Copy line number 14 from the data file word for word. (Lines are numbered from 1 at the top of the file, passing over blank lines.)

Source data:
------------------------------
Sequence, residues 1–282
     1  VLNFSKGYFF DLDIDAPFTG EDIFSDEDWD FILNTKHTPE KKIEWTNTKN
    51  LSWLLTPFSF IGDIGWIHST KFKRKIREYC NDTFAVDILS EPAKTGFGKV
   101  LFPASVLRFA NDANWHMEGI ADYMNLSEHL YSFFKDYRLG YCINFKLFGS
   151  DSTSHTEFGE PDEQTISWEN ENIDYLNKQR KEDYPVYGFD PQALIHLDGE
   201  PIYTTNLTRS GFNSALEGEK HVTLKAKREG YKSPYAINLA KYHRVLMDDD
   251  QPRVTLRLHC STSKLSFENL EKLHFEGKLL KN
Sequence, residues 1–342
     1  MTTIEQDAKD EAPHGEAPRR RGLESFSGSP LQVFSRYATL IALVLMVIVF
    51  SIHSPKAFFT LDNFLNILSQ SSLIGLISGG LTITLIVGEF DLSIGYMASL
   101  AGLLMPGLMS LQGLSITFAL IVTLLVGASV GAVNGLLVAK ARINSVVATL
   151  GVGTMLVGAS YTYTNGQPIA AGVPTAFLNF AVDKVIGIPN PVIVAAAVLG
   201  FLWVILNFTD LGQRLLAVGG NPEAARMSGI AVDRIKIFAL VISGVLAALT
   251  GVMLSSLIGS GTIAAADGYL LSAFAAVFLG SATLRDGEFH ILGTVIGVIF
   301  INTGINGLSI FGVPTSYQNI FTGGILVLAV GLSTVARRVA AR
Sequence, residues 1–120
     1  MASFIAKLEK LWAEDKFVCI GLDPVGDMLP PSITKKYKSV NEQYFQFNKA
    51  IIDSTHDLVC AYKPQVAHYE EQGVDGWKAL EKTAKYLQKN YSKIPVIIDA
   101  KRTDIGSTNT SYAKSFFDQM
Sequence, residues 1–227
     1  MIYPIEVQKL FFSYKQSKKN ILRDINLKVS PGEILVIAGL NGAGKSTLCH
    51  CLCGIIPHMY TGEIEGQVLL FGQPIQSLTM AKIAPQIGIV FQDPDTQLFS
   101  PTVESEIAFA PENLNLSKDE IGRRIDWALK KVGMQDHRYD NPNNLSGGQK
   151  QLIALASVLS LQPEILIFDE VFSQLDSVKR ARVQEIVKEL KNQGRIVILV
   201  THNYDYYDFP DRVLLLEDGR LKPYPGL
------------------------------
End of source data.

   251  GVMLSSLIGS GTIAAADGYL LSAFAAVFLG SATLRDGEFH ILGTVIGVIF